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Migrant Health: Infectious diseases in non-UK born populations in the UK

Migrant Health: Infectious diseases in non-UK born populations in the UK  cover


Health Protection Agency

Publication date: December 2011



This is the Health Protection Agency’s second report on Migrant Health, and the first UK-wide report (the baseline report focused on England, Wales and Northern Ireland). Its key messages are as follows:

  • Migrants comprise an increasing proportion of the UK population. In 2001, it was estimated that 8% of the total UK population were born abroad; in 2010 the figure was closer to 12%. This population comprises individuals from all over the world.
  • The majority of long-term migrants to the UK are young people with plans to study or work, and they will have a similar range of health concerns to UK born people in the same age bracket.
  • A small proportion of the non-UK born bear the greatest burden of infectious disease reported in the UK. In 2010, 73% of TB cases reported in the UK, almost 60% of newly diagnosed cases of HIV, and 80% of hepatitis B infected UK blood donors were born abroad (of those with country of birth information available).
  • Some migrants may have more complex health needs than the UK born population, influenced by the burden of disease and living conditions in their country of origin, experiences during migration, their circumstances in the UK, as well as factors relating to ethnicity and cultural practices.
  • Meeting the health needs of non-UK born people living in the UK is important both for individual and for public health reasons.
  • Health risks to the non-UK born can continue for many years after arrival in the UK. For example, 77% of non-UK born TB cases in 2010 were diagnosed two or more years after arrival in the UK. Half of non-UK born men who have sex with men with a newly diagnosed HIV infection between 2001 and 2010 had probably acquired their infection within the UK
  • UK residents travelling to visit friends and relatives in their country of origin are the major risk group for UK reports of several important travel associated diseases. Where information was available, 61% of malaria cases reported in the UK in 2010 and 87% of enteric fever cases in England, Wales and Northern Ireland who had travelled abroad between 2007 and 2010, were visiting friends and relatives. Both of these diseases are preventable through pre-travel advice and appropriate prophylactic measures.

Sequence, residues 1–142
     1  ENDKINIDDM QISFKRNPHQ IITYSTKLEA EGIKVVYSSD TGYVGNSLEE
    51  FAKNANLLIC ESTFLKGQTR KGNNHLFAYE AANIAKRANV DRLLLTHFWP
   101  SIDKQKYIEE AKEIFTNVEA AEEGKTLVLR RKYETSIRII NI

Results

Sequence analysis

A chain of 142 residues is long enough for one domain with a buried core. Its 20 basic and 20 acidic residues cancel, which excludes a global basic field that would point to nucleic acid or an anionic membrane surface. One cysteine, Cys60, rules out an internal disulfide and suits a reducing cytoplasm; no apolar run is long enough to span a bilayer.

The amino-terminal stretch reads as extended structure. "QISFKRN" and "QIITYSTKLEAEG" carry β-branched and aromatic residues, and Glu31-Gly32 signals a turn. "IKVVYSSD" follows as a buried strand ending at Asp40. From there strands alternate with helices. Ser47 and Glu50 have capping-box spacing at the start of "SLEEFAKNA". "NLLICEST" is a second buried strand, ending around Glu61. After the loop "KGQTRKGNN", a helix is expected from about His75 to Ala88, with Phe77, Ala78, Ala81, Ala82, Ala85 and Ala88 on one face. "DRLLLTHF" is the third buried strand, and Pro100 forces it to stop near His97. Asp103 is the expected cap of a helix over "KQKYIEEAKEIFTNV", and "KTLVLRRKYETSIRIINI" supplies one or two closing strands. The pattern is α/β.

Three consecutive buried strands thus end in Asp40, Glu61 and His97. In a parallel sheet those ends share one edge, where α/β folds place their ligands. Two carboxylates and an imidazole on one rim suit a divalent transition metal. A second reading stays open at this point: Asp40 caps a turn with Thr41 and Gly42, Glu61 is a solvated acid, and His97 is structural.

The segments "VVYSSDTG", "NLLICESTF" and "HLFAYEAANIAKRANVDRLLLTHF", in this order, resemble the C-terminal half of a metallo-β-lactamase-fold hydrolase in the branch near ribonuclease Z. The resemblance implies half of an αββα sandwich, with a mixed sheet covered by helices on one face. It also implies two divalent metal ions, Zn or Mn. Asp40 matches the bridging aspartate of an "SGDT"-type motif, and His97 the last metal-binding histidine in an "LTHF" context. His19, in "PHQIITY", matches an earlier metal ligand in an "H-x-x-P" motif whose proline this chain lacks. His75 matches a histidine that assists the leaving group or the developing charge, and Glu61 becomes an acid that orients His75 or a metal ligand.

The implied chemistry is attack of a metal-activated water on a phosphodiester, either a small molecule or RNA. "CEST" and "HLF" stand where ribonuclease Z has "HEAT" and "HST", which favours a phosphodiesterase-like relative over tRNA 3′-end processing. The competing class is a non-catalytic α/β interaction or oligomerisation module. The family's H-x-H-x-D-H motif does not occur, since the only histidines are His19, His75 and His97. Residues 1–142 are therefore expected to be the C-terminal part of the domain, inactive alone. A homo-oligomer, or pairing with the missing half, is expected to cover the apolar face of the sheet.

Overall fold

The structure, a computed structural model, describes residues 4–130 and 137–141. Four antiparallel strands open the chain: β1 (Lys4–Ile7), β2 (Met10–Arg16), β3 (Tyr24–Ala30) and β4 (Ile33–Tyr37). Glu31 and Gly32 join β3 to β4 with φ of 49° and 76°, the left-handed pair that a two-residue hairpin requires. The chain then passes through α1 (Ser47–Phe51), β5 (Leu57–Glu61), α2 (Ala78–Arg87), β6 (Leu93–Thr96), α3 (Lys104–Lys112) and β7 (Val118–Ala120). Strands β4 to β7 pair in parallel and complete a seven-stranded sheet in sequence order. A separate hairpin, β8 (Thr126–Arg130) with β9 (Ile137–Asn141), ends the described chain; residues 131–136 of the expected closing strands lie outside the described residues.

• Primary care practitioners play a vital role in early identification of infectious diseases. For example, data from sentinel surveillance of hepatitis shows that 65% of hepatitis B infections and 68% of hepatitis C infections reported between 2007 and 2010 through this scheme were diagnosed in primary care (by general practitioners, genitourinary medicine [GUM] clinics and other primary care services).
  • Early identification of risk and diagnosis of infection can improve health outcome. For example, people diagnosed late with HIV have a ten-fold increased risk of death within one year of diagnosis compared to those diagnosed promptly, yet in 2010, heterosexuals born outside the UK were more likely to be diagnosed late compared to those born in the UK.
  • Practitioners are encouraged to consider their patients’ country of birth when evaluating their risk exposures and to guide their differential diagnosis of presenting symptoms. For example, a higher proportion of non-UK born TB cases present with extra-pulmonary disease (54% compared to 31% in the UK born in 2010), which can have a variety of clinical presentations.
  • Many UK practitioners may be unfamiliar with the clinical presentation of some infectious diseases that are rarely diagnosed in the UK. For example, Chagas disease has currently only been reported within the UK in a small number of migrants from South America and is likely to be under-diagnosed.

Several of the public health recommendations made in the baseline report are carried forward in this update, and need continued attention. These include the need for non-UK born communities to have access to culturally competent and language supported services, and the importance of considering health needs relevant to an individual’s country of birth. In response to its duty to protect the health of all sections of the community, the Health Protection Agency launched the online Migrant Health Guide (Appendix A) in 2011. This aims to assist primary care practitioners caring for people who have come to live in the UK from abroad. By supporting UK practitioners in this way, to recognise and appropriately manage the health needs of non-UK born people, the HPA aims to contribute to the reduction of the burden of infectious disease in the populations that are at highest risk.


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Additional information

Migrant Health

Migrant Health Guide

Migrant Health Report 2011 Slideset (PowerPoint Presentation, 3 MB)

Last reviewed: 26 June 2012